Policy and Research Papers
The Transition to a Just Order – Establishing Local Ownership after Conflict: A Practitioners’ Guide
This handbook and its sister publication, the policy report The Transition to a Just Order: Establishing Local Ownership after Conflict, A Practitioner’s Guide, are based on the findings of a two year long study conducted jointly by the Stockholm International Peace Research Institute (SIPRI) and the Norwegian Defence Research Establishment (FFI), in partnership with the Folke Bernadotte Academy (FBA). The study offers a comprehensive analysis of the principle of local ownership, the key dilemmas involved in pursuing local ownership and the challenges and issues that arise when local ownership is being put into practice.
It takes a closer look at strategies and mechanisms for transition in four cases studies: Afghanistan, the Balkans (Bosnia and Herzegovina (BiH) and Kosovo), Timor-Leste and West Africa (Liberia and Sierra Leone).
The cases have been selected to illustrate the varying degrees of international involvement in post-conflict justice and security sector reform. Kosovo and Timor-Leste represent scenarios where the international community has taken the lead in taking responsibility for law and order, while West Africa and especially Afghanistan are illustrative of postconflict environments where primacy has rested with local authorities. The study is based on field visits by the authors to all the case study countries with
the exception of Timor-Leste and numerous interviews with local stakeholders, practitioners, policy makers and established academics working on justice and security sector issues. The study has also benefited greatly from discussions which took place in a workshop held in Stockholm in May 2006 as well as a rigorous peer review process. The handbook uses the findings in the case studies and examples from these peacebuilding processes to highlight some of the key challenges.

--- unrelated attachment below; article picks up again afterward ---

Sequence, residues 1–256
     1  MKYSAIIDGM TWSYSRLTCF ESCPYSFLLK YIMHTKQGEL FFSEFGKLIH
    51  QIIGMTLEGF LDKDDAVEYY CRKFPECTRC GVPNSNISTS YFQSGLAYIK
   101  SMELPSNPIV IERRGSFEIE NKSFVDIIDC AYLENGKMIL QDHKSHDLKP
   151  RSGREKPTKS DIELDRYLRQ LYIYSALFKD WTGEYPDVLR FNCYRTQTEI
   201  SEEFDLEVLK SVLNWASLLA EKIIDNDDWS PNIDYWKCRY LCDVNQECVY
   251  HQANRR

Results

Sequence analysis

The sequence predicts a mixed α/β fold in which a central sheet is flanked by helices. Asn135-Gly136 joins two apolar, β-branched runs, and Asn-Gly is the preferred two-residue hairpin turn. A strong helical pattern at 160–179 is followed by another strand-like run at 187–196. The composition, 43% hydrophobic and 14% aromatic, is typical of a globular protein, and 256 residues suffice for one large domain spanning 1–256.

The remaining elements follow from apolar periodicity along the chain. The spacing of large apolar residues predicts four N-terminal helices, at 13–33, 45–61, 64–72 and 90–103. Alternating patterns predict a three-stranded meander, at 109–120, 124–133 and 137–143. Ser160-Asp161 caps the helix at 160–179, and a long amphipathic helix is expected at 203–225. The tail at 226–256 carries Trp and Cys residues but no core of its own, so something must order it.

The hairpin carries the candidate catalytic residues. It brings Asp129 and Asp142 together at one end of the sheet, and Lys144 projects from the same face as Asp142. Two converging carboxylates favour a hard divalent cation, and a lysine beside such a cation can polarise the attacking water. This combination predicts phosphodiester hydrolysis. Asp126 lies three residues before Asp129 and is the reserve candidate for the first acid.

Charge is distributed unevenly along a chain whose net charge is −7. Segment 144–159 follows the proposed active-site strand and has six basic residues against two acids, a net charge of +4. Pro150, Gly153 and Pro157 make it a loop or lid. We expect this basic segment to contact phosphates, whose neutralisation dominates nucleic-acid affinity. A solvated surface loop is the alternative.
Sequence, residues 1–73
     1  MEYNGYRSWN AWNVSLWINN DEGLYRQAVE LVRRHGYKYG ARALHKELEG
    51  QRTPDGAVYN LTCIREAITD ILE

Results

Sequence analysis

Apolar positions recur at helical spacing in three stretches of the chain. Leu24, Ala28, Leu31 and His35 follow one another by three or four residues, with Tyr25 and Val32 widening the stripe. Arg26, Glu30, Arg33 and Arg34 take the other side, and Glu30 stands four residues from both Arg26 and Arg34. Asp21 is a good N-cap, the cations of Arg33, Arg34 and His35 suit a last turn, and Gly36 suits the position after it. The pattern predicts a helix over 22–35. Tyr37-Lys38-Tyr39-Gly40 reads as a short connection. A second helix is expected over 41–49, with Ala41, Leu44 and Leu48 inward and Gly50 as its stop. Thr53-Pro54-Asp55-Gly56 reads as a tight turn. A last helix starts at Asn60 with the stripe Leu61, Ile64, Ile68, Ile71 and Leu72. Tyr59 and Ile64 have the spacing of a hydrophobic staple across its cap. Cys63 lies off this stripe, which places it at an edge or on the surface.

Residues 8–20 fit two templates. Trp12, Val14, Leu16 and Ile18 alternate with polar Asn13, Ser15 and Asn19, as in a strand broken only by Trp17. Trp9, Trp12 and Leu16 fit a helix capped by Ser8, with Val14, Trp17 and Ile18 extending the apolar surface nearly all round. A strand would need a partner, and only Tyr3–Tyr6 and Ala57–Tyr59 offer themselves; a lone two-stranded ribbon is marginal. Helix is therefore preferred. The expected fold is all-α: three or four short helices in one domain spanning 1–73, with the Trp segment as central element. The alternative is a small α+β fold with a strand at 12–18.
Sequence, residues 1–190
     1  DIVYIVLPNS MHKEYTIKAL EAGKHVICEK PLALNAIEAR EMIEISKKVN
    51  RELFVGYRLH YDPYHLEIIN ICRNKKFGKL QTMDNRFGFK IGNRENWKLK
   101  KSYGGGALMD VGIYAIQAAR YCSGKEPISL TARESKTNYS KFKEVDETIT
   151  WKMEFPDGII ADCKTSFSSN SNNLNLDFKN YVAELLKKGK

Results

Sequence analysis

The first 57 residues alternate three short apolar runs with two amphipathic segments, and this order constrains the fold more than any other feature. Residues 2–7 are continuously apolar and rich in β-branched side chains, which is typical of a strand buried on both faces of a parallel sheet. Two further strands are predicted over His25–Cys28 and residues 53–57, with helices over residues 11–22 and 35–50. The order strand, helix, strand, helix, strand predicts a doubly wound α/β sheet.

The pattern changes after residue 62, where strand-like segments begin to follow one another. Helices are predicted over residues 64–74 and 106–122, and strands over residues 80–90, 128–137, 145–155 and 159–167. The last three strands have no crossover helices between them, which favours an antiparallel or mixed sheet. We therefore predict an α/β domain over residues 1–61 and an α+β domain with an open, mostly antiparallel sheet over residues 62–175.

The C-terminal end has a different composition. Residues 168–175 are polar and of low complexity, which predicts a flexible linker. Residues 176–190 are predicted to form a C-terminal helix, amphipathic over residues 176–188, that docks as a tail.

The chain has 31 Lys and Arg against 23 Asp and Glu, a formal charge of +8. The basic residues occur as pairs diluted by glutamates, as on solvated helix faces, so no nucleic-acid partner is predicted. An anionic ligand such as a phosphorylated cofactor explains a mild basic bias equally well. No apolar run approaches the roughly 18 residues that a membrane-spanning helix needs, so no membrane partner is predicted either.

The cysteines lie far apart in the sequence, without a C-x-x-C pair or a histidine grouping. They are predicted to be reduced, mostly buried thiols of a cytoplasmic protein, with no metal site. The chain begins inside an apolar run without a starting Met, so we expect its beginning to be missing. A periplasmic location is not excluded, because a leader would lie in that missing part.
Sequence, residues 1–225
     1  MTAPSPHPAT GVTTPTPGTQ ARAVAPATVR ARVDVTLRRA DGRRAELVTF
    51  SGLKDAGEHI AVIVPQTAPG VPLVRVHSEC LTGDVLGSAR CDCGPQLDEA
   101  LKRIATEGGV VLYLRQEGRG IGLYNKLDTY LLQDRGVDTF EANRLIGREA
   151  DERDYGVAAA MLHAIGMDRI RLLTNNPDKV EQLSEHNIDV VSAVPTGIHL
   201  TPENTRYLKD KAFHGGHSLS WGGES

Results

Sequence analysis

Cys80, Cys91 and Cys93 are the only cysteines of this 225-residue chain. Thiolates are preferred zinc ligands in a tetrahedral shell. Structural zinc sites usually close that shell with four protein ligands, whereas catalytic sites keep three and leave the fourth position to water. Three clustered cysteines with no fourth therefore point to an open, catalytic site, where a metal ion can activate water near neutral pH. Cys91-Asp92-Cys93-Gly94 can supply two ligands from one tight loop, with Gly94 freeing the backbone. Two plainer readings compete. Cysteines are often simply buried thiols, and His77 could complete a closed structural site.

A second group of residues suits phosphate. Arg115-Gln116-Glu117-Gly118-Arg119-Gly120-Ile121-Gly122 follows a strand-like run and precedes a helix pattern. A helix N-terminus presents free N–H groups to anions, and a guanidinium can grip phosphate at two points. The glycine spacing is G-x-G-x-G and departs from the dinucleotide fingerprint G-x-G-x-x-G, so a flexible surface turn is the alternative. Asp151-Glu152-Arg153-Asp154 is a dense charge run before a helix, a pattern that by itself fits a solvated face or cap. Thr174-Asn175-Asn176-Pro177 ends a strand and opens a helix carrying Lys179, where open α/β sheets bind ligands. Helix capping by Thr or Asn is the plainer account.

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Even in the current context of financial constraints and challenging Member State dynamics at the UN, the next 12 months should be be seized as an important time for realizing pragmatic improvement in how the international community assists countries emerging from conflict. The Civilian Capacity (CIVCAP) initiative represents areal opportunity to drive concrete change on issues long recognized as deficient. CIVCAP is an important chance to depart from tired and often ineffective approaches to
providing technical support in fragile settings. There are practical steps policy-makers can take to support a strategic
shift in how peacebuilding and post-conflict assistance is provided.
Since March 2011, CIVCAP has remained a prominent agenda item at the United Nations. The key findings and main recommendations of the CIVCAP report were strongly supported by the UN Secretary-General and in May 2012 the CIVCAP process was officially recognized by the 193 Member States of the General Assembly. Since that time, the UN and partners have engaged in intensive policy consultations and have sought to identify solutions both in the field and for systemic challenges.
This policy brief presents developments in 2012 and it spotlights the CAPMATCH consultation with the Training and Rostering Community held in June 2012, which was supported by NUPI and co-hosted by the Permanent Missions of Indonesia and Canada to the United Nations. The coming General Assembly session will be important for maintaining momentum for the CIVCAP agenda.
This policy brief identifies three broad opportunities for policy makers to help deliver short-term results for CIVCAP and to set the stage for further reform:
- At the upcoming 67thGeneral Assembly session;
- In support of select field programmes; and
- In support of the CAPMATCH launch in mid-September 2012